There was no significant difference in mean (SD) POSAS scores from the blinded reviewers for the 2 closure techniques (Figure 2) for vascularity, pigmentation, thickness, relief, pliability, surface area, and overall opinion at the 3-month assessment (Table 2). There was also no significant difference in the mean (SD) patient POSAS scores between the sides of the scars for pain, itching, color, stiffness, thickness, irregularity, and overall opinion.
There was no statistically significant difference for scar width at 3 months between the sides of the scars with and without adhesive strips (Table 2). The mean (SD) width of both sides was 1.1 (0.8) mm (P = .89).
There was 1 case of wound dehiscence at a site that used adhesive strips and 2 cases at sites without adhesive strips. Three suture abscesses were documented at sites with adhesive strips and 6 at sites without adhesive strips. One patient had a spitting suture, which was not classified as an abscess; this event occurred at a site without adhesive strips. There were no documented infections, hematomas, or seromas. None of the adverse effects were statistically significant between study arms (Table 2).
Adhesive strips did not improve the appearance of scars resulting from cutaneous surgical procedures using buried subcuticular sutures as judged by 2 blinded observers as well as the patients themselves. Adverse events did not significantly differ between study groups.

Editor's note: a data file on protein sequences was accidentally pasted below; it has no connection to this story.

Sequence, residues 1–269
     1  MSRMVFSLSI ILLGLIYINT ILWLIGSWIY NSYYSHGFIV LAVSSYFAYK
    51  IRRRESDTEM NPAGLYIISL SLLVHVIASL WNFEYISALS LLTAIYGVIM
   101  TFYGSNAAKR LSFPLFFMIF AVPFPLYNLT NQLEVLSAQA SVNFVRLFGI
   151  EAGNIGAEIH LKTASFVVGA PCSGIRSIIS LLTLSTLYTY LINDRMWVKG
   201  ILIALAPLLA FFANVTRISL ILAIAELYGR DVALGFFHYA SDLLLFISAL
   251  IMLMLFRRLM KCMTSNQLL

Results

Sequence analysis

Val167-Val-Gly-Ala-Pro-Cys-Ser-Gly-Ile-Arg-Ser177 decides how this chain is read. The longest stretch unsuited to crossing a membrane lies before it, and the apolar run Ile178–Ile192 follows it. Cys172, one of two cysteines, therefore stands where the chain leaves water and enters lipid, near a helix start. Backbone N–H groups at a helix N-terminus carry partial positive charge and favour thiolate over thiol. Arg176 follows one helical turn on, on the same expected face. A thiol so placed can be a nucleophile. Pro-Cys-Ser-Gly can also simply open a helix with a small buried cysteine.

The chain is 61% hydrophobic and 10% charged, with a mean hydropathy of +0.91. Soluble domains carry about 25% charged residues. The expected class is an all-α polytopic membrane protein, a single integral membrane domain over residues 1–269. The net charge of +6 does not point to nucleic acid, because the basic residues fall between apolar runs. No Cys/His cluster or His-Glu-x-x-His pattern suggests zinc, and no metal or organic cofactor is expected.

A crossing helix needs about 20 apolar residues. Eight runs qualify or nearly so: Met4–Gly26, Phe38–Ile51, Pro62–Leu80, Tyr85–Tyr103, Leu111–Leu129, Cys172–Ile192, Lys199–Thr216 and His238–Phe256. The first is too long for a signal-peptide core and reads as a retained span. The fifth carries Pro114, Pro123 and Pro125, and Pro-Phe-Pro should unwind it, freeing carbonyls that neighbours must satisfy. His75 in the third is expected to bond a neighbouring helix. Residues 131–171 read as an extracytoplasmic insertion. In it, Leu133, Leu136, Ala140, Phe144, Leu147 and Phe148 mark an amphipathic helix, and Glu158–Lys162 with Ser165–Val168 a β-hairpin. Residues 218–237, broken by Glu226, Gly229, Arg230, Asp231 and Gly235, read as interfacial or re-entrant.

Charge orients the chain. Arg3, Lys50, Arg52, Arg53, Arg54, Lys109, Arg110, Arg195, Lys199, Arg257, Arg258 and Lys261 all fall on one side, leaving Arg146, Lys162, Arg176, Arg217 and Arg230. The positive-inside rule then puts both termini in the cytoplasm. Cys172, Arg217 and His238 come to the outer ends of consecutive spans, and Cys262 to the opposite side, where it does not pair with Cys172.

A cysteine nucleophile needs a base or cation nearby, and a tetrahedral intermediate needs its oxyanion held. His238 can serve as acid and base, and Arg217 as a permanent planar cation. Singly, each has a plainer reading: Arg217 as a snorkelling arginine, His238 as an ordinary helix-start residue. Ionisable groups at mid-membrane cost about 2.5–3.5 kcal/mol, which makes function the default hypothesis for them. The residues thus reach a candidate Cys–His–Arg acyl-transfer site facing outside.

A literature search did not identify any randomized clinical trials comparing adhesive strips plus buried subcuticular sutures with buried subcuticular sutures only. A single study that compared the 2 methods was not randomized and did not assess scar quality.8
While the current practice standard is a layered closure with dermal and cuticular sutures, dermal sutures plus adhesive strips have been shown to have cosmetic results similar to those with layered closure.15 In addition, a prior study conducted with dermal sutures plus adhesive strips demonstrated excellent results.16 Our study now shows that the use of dermal sutures only results in similar outcomes compared with the combination of adhesive strips and dermal sutures. Although this use is not currently the standard, it has significant implications as it may save surgeons time and the cost of the adhesive strips or additional sutures. A randomized clinical study at our center is currently recruiting patients to directly compare the outcomes of dermal sutures only with those of a layered closure.
In comparison with a multicenter trial that may result in improved external validity and narrower 95% CIs, this study was limited by its single-center nature. An additional limitation of the study includes the subjective nature of measuring the primary outcome of scar evaluation, although the subjectivity was in part mitigated by using a validated scale. In addition, our study was likely underpowered to detect differences in complications. While we had no bleeding complications, some surgeons think that bleeding may be a concern when not using cuticular sutures. Our study does not provide enough data to appropriately address these types of issues. Finally, the treatment area was not limited to a single anatomic location, and some areas may respond differently to the effects of adhesive strips in the setting of wound healing.